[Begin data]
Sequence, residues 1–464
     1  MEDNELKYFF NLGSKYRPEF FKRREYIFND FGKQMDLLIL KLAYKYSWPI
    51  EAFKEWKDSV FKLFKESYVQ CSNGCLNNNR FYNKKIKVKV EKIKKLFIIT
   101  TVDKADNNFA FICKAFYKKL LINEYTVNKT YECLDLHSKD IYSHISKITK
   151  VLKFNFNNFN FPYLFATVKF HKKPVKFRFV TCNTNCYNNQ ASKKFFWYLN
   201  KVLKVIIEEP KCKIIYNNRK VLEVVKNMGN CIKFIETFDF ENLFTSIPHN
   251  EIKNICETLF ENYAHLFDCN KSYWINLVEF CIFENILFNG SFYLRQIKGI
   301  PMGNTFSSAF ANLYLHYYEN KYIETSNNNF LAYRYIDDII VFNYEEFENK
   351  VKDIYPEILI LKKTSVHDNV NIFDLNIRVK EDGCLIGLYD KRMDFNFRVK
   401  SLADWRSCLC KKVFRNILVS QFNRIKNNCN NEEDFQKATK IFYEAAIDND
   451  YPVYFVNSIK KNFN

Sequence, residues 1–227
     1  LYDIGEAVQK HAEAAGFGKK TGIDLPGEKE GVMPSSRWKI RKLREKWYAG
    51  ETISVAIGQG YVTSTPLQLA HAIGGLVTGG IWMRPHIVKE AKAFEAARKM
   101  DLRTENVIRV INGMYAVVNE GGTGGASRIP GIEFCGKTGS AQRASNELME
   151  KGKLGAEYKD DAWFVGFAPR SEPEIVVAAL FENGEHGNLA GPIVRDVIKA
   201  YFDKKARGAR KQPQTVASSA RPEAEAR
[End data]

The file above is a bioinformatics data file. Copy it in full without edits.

Sequence, residues 1–464
     1  MEDNELKYFF NLGSKYRPEF FKRREYIFND FGKQMDLLIL KLAYKYSWPI
    51  EAFKEWKDSV FKLFKESYVQ CSNGCLNNNR FYNKKIKVKV EKIKKLFIIT
   101  TVDKADNNFA FICKAFYKKL LINEYTVNKT YECLDLHSKD IYSHISKITK
   151  VLKFNFNNFN FPYLFATVKF HKKPVKFRFV TCNTNCYNNQ ASKKFFWYLN
   201  KVLKVIIEEP KCKIIYNNRK VLEVVKNMGN CIKFIETFDF ENLFTSIPHN
   251  EIKNICETLF ENYAHLFDCN KSYWINLVEF CIFENILFNG SFYLRQIKGI
   301  PMGNTFSSAF ANLYLHYYEN KYIETSNNNF LAYRYIDDII VFNYEEFENK
   351  VKDIYPEILI LKKTSVHDNV NIFDLNIRVK EDGCLIGLYD KRMDFNFRVK
   401  SLADWRSCLC KKVFRNILVS QFNRIKNNCN NEEDFQKATK IFYEAAIDND
   451  YPVYFVNSIK KNFN

Sequence, residues 1–227
     1  LYDIGEAVQK HAEAAGFGKK TGIDLPGEKE GVMPSSRWKI RKLREKWYAG
    51  ETISVAIGQG YVTSTPLQLA HAIGGLVTGG IWMRPHIVKE AKAFEAARKM
   101  DLRTENVIRV INGMYAVVNE GGTGGASRIP GIEFCGKTGS AQRASNELME
   151  KGKLGAEYKD DAWFVGFAPR SEPEIVVAAL FENGEHGNLA GPIVRDVIKA
   201  YFDKKARGAR KQPQTVASSA RPEAEAR